To a large extent, the timing of your visit will determine how much you'll spend -- and how much company you'll have -- once you get to Florida. That's because room rates can more than double during so-called high seasons, when countless visitors flock to Florida.

The weather determines the high seasons. In subtropical South Florida, high season is in the winter, from mid-December to mid-April, although if you ask tourism execs, the high season is now creeping further into spring and even, in some parts, summer. On the other hand, you'll be rewarded with incredible bargains if you can stand the heat, humidity, and daily rainstorms of a South Florida summer between June and early September. In North Florida the reverse is true: Tourists flock here during the summer, from Memorial Day to Labor Day.

Hurricane season runs from June to November, and, as seen in 2005, the most active hurricane season on record, and 2009, the quietest, you never know what can happen. Pay close attention to weather forecasts during this season and always be prepared.

Presidents' Day weekend in February, Easter week, Memorial Day weekend, the Fourth of July, Labor Day weekend, Thanksgiving, Christmas, and New Year's are busy throughout the state, especially at Walt Disney World and the other Orlando-area attractions, which can be packed any time school is out.

Northern and southern Florida share the same shoulder seasons: April through May, and September through November, when the weather is pleasant throughout Florida and the hotel rates are considerably lower than during the high season. If price is a consideration, these months of moderate temperatures and fewer tourists are the best times to visit.


Northern Florida has a temperate climate, and even in the warmer southern third of the state, it's subtropical, not tropical. Accordingly, Florida sees more extremes of temperatures than, say, the Caribbean islands.

Spring, which runs from late March to May, sees warm temperatures throughout Florida, but it also brings tropical showers.

Summer in Florida extends from May to September, when it's hot and very humid throughout the state. If you're in an inland city during these months, you may not want to do anything too taxing when the sun is at its peak. Coastal areas, however, reap the benefits of sea breezes. Severe afternoon thunderstorms are prevalent during the summer heat (there aren't professional sports teams here named Lightning and Thunder for nothing), so schedule your activities for earlier in the day, and take precautions to avoid being hit by lightning during the storms. Those storms, by the way, often start out fierce and end with a rainbow and sunshine, so don't worry, just don't stand under a tree or on a golf course during the main act.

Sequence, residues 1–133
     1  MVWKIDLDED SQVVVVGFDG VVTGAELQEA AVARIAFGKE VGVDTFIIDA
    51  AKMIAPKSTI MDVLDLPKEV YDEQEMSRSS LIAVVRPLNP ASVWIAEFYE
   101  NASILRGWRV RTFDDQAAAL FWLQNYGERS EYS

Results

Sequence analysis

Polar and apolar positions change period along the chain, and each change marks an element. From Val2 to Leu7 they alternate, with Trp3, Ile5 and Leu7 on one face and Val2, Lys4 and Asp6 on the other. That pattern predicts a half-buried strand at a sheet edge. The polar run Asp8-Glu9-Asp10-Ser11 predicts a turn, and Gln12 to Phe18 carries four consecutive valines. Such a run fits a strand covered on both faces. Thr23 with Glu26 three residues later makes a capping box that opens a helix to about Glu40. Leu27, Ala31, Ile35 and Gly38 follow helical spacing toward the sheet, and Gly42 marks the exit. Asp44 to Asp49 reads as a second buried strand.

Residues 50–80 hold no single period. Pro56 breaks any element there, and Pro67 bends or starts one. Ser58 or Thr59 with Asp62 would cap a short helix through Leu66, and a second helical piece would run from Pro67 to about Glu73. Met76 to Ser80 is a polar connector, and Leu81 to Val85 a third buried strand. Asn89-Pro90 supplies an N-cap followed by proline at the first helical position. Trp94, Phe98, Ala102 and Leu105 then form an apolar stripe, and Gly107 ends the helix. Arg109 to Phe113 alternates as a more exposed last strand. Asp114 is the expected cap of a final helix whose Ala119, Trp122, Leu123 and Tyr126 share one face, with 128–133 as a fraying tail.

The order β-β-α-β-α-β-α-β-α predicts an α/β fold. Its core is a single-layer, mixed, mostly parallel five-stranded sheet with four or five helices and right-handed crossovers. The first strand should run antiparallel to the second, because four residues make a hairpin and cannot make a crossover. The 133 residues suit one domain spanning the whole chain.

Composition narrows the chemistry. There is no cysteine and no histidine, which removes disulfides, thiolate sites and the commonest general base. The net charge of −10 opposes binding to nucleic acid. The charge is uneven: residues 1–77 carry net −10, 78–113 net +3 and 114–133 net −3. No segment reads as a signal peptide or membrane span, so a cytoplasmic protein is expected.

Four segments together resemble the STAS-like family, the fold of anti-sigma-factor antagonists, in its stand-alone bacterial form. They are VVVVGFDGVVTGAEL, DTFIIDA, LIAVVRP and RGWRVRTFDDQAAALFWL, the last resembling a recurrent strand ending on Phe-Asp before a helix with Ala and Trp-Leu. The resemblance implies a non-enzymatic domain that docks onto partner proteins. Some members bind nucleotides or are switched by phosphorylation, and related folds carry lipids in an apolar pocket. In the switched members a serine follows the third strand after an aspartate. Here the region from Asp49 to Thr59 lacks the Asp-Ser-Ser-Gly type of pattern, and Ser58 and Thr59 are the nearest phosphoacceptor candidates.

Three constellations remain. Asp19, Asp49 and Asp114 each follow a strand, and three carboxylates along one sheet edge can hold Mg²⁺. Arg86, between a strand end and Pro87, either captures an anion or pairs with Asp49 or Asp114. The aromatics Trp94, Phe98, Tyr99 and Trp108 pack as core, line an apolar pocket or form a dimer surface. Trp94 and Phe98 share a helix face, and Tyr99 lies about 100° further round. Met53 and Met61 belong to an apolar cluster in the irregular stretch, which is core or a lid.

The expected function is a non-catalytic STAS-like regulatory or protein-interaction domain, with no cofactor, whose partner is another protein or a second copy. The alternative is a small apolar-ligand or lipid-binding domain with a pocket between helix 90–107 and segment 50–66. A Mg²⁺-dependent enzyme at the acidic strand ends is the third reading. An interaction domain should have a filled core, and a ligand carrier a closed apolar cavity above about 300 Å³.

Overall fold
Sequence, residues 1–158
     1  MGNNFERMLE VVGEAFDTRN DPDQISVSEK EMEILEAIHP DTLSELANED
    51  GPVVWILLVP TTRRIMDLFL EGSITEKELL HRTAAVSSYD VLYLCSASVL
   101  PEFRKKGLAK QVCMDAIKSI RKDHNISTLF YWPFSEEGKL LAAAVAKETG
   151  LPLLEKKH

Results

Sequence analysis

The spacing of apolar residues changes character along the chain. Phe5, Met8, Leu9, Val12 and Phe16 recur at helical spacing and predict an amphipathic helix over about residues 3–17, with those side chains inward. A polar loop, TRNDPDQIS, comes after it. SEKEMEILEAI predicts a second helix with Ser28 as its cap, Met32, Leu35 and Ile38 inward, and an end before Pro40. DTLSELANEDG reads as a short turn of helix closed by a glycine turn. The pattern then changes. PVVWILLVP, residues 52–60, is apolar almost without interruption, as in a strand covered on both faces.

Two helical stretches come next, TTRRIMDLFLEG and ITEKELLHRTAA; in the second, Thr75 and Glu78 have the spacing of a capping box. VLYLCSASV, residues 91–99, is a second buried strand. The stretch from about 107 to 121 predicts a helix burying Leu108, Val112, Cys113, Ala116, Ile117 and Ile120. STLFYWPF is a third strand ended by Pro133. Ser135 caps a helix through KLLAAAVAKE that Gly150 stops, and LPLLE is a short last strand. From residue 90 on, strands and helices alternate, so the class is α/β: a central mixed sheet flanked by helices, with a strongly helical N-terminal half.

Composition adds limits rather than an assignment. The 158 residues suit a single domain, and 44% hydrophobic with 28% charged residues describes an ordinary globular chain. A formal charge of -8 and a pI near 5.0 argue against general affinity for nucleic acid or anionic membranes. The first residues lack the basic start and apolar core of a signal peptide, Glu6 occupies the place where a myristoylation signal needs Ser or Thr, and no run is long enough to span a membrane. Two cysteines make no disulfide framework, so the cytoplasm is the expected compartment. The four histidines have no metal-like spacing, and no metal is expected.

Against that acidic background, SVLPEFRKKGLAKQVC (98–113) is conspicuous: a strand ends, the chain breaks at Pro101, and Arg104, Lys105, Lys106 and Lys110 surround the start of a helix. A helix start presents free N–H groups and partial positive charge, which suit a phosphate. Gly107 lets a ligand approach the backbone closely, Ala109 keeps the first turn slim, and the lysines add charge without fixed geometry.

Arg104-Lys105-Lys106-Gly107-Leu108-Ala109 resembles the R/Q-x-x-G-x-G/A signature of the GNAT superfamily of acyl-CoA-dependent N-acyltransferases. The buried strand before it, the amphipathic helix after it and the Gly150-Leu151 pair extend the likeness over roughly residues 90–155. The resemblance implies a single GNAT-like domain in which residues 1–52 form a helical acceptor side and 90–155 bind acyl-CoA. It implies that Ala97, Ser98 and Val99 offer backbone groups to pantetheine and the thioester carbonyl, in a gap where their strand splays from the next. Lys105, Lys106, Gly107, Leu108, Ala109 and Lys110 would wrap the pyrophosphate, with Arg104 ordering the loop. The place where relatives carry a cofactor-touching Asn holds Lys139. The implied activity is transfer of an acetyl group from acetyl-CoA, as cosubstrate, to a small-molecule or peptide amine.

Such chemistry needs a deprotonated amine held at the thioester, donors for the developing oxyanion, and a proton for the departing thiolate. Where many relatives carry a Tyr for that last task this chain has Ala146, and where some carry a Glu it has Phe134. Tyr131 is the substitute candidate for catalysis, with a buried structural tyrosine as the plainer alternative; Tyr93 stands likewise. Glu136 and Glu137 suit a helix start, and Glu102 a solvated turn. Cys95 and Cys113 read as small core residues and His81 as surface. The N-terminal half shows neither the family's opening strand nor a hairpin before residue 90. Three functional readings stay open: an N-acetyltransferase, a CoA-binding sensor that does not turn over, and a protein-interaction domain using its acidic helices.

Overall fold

Autumn -- about September through November -- is a great time to visit, as the hottest days are gone and the crowds have thinned out. Unless a hurricane blows through, November is usually Florida's driest month. These days, however, one can never predict 100% sunshine. June through November is hurricane season here, but even if one threatens, the National Weather Service closely tracks the storms and gives ample warning if there's need to evacuate coastal areas.

Winter can get a bit nippy throughout the state and, in recent years, downright freezing, especially in northern Florida. Although snow is rare, the end of 2009 saw flakes falling as far north as Pensacola and as far south as Kendall in South Miami! Speaking of cold in Miami, locals have been known to whip out the coats, hats, and boots when the temperature drops below 80. The "cold snaps" usually last only a few days in the southern half of the state, however, and daytime temperatures should quickly return to the 70s (20s Celsius). Again, that was before all the El Niño/La Niña global warming took effect, so whenever you travel to Florida, bring a jacket. Even in summertime you may need it indoors, when air-conditioning reaches freezing temperatures.

For up-to-the-minute weather info, tune in to cable TV's Weather Channel or check out its website at


Banks, government offices, post offices, and many stores, restaurants, and museums are closed on the following legal national holidays: January 1 (New Year's Day), the third Monday in January (Martin Luther King, Jr., Day), the third Monday in February (Presidents' Day), the last Monday in May (Memorial Day), July 4 (Independence Day), the first Monday in September (Labor Day), the second Monday in October (Columbus Day), November 11 (Veterans' Day/Armistice Day), the fourth Thursday in November (Thanksgiving Day), and December 25 (Christmas). The Tuesday after the first Monday in November is Election Day, a federal government holiday in presidential-election years (held every 4 years, and next in 2012).

Note: This information was accurate when it was published, but can change without notice. Please be sure to confirm all rates and details directly with the companies in question before planning your trip.